An additional factor is the movement in and out of the California market by investors. There has been a lot of chatter about foreign investors coming in and snapping up homes. However, the data isn’t supporting this argument that well. Instead, good old-fashioned domestic cash investors are driving up prices with quick buying and speculating, only to turn around and sell for higher prices or to turn the homes into income properties charging high rents. Ideally, losing the play of investors could actually help buyers by reducing the quick cash bidding wars starting up again in many neighborhoods. But for that to happen, the demand over all needs to drop and make it unpalatable for investors to buy in. Most experts don’t see that happening short of another credit freeze like what happened in the 2009 Recession.
7. Inspection Report
There are some factors that will drive a home down in value, regardless of what is going on in the neighborhood. The inspection report is a key factor in lowering an inflated sales price and bring a crazy seller back in line. And if there are real issues with the home that need to be fixed, the inspection report is going to cause the home price to fall accordingly unless the issue is corrected. People will still buy the home, but they will want a discount for the cost of the repair needed.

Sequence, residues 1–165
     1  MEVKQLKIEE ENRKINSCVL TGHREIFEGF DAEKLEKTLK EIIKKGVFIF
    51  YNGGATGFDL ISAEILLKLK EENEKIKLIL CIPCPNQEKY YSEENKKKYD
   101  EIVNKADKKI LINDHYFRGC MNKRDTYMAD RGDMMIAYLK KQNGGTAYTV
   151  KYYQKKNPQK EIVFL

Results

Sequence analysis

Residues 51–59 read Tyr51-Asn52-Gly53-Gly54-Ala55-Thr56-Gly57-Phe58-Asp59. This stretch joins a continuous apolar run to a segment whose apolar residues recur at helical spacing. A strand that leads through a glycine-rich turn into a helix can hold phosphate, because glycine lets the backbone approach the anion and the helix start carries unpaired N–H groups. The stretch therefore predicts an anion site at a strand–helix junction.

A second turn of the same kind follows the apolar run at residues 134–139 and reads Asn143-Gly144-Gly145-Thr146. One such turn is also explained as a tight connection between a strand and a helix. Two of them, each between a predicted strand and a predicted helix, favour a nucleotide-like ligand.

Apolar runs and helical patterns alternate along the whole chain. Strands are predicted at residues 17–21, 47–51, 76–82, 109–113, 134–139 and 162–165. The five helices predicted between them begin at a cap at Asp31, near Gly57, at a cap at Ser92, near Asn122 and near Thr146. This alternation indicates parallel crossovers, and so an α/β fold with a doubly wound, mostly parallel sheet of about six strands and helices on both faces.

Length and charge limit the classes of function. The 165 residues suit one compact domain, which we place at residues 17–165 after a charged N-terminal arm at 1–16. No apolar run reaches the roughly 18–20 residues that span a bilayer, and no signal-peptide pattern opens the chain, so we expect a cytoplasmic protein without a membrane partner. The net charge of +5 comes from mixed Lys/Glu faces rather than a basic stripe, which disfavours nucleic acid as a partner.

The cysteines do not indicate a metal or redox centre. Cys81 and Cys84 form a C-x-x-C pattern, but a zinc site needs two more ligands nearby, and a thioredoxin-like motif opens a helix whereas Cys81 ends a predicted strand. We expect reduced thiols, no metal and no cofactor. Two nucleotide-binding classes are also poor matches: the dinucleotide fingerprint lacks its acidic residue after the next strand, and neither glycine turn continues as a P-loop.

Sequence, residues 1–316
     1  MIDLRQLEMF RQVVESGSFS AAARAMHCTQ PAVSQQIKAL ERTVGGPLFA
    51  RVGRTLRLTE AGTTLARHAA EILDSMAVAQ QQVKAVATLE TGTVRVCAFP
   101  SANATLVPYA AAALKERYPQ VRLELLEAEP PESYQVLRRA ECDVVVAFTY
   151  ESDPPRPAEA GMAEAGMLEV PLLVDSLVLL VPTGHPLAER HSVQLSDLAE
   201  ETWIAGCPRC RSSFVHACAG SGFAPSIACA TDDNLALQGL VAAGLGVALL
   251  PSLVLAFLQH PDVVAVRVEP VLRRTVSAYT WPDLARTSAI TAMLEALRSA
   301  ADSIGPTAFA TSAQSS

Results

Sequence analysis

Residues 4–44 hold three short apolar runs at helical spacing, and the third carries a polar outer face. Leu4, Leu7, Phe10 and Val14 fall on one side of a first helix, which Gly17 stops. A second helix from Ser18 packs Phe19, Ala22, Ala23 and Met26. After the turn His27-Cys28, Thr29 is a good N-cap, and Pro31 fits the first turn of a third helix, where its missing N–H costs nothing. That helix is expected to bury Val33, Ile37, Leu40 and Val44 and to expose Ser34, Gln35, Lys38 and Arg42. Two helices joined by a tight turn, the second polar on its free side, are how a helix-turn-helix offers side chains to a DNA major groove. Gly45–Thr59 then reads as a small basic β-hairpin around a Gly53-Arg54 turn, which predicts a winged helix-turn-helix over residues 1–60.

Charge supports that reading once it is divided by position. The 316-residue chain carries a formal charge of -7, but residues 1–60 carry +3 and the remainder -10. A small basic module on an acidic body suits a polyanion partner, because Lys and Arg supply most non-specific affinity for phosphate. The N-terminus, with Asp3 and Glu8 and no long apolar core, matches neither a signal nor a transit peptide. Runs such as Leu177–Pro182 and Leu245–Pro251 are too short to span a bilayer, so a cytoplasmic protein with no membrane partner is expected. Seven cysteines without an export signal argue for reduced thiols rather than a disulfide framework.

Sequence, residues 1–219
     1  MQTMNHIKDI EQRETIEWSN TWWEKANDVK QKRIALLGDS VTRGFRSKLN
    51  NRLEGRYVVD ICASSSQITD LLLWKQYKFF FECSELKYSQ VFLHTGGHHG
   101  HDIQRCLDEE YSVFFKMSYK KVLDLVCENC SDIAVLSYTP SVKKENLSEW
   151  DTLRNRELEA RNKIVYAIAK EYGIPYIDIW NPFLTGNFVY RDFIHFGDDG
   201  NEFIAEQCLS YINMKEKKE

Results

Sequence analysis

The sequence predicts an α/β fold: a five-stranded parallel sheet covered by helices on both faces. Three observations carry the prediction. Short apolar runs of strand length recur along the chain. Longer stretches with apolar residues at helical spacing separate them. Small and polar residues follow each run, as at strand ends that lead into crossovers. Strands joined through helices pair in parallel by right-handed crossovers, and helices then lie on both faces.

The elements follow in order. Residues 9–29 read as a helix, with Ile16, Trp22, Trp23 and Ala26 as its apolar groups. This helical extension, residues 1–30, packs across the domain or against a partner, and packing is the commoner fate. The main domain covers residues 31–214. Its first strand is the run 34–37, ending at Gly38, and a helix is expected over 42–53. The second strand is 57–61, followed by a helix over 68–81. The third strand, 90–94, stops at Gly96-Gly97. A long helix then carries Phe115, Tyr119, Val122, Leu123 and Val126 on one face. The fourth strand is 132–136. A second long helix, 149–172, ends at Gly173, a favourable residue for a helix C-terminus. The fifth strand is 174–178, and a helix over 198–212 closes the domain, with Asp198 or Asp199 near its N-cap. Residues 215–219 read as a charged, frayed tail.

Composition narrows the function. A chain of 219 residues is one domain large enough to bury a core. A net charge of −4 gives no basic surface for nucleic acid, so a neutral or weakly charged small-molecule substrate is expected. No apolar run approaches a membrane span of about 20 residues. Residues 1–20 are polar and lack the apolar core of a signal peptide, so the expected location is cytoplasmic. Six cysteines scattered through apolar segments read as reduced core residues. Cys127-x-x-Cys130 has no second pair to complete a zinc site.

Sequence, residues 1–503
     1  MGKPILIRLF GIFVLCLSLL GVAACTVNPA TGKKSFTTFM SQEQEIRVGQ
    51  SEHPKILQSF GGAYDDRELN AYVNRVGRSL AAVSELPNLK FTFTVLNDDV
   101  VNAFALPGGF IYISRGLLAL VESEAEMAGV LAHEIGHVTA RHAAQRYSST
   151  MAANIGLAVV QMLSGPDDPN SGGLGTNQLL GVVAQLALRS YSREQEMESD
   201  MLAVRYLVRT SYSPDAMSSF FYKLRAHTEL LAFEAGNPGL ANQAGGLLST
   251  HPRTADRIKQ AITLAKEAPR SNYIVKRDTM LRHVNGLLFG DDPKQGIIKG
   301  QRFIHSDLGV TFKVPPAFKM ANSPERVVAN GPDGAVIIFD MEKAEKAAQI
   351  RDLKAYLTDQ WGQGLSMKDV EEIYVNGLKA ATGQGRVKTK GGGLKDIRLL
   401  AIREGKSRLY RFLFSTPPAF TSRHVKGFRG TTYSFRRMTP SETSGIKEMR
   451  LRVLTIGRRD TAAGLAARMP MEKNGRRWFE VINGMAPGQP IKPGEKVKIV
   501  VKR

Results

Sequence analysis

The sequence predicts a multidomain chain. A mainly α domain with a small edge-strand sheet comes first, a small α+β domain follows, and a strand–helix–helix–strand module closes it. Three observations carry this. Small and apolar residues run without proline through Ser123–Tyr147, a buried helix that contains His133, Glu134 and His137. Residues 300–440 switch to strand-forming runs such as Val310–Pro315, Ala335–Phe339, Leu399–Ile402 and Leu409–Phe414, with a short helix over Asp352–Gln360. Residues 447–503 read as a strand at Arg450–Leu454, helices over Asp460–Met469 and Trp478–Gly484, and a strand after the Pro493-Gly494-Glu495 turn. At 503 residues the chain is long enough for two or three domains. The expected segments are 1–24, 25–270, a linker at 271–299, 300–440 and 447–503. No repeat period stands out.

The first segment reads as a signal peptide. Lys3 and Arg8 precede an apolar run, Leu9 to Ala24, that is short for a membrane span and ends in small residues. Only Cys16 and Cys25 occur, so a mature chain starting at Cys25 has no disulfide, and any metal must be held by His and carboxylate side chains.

8. Comparable Properties
Neighborhoods will have some containment influence on a home as well. Known as comparables, similar sales in the same area will restrain a home from getting much higher unless it has some really unique aspects that demand higher pricing on face value. Otherwise, agents won’t price a home higher than the comparables for the given neighborhood and recent time period.
9. Appraisal Value
Finally, the classic factor affecting real estate pricing is the appraisal. Regardless of how a home is priced, as long as financing is still a major player for home buying, appraisals will restrict prices. Appraisal is a combination of actual value and pricing based on comparables again. The appraiser, expected to be an independent expert evaluator, pegs the price of a home for what it should be worth, not what the seller or market wants to pay. This in turn will cause a lender to modify a mortgage to match the appraisal value so that they don’t lend more than can be recovered as collateral.
Analyze and Plan
Given all the above, the bottom line every home buyer should remember is to pay attention both to the sales price of a home as well as what’s driving the greater regional home pricing behavior. Some of the factors work against each other, and others combine and add to their mutual effect on pricing. A home buyer who does his or her research well will find trend opportunities, which is how effective home-buying occurs in California.